The philosophical sect to which he belonged was the Stoic, as plainly appears from many passages in his Geography.
He wrote a History, which he describes as composed in a lucid style; it is cited by Plutarch, and also by Josephus in his Jewish Antiquities. It consisted of forty-three books, which began where the history of Polybius ended, and was probably continued to the battle of Actium. This valuable History is lost.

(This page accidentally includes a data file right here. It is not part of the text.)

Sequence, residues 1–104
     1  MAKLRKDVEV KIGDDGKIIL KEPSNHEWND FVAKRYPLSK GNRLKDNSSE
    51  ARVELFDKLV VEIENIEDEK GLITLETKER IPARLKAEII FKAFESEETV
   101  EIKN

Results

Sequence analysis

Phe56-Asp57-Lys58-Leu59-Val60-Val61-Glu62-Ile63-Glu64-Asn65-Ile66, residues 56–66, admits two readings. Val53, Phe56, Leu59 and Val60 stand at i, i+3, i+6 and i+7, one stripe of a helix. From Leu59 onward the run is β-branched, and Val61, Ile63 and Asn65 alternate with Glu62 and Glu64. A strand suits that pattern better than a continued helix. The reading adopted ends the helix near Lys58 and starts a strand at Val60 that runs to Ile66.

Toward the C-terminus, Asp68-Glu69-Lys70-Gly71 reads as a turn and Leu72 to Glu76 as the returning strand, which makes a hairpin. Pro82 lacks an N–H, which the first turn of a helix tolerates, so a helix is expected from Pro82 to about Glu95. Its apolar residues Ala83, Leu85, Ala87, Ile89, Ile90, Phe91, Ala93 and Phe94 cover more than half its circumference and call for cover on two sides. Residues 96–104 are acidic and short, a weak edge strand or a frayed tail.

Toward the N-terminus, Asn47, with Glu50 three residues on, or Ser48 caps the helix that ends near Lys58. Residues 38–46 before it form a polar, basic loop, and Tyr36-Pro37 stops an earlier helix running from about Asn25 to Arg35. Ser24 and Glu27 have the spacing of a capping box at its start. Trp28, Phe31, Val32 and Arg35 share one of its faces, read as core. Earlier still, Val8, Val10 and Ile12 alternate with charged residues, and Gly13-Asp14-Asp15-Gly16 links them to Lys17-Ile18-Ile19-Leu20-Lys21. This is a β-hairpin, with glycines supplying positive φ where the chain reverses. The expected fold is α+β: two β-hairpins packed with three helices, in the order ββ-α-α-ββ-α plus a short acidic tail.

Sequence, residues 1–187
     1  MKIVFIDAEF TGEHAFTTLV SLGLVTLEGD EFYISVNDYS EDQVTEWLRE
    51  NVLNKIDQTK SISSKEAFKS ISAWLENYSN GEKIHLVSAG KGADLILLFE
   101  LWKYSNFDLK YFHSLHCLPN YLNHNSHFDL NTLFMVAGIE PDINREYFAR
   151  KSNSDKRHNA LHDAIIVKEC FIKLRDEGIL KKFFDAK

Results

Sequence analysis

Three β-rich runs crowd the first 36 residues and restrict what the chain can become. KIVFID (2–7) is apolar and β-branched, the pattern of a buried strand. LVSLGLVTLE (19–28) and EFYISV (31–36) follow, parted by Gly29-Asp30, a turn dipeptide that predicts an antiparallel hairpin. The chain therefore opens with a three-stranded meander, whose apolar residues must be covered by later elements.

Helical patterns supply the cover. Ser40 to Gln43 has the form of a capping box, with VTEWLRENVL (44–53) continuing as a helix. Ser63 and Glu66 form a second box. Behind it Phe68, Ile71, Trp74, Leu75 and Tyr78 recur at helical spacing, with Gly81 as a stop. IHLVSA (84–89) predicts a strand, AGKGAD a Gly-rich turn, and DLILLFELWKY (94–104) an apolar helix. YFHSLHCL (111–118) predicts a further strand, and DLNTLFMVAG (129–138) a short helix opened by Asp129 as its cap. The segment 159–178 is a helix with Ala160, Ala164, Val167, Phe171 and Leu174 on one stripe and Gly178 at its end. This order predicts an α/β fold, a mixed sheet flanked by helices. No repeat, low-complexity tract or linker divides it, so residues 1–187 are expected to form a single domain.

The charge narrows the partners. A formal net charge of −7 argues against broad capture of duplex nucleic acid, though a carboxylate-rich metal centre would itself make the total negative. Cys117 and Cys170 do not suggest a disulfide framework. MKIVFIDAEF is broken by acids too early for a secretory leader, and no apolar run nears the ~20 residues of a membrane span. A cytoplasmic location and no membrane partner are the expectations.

Strabo was a great traveller, and apparently had no professional or other occupation. We may therefore conclude that his father left him a good property. Much of his geographical information is the result of personal observation. In a passage of his 2nd book he thus speaks: “ Our descriptions shall consist of what we ourselves have observed in our travels by land and sea, and of what we conceive to be credible in the statements and writings of others; for in a westerly direction we have travelled from Armenia to that part of Tyrrhenia which is over against Sardinia; and southward, from the Euxine to the frontiers of Ethiopia. Of all the writers on geography, not one can be mentioned who has travelled over a wider extent of the countries described than we have. Some may have gone farther to the west, but then they have never been so far east as we have; again, others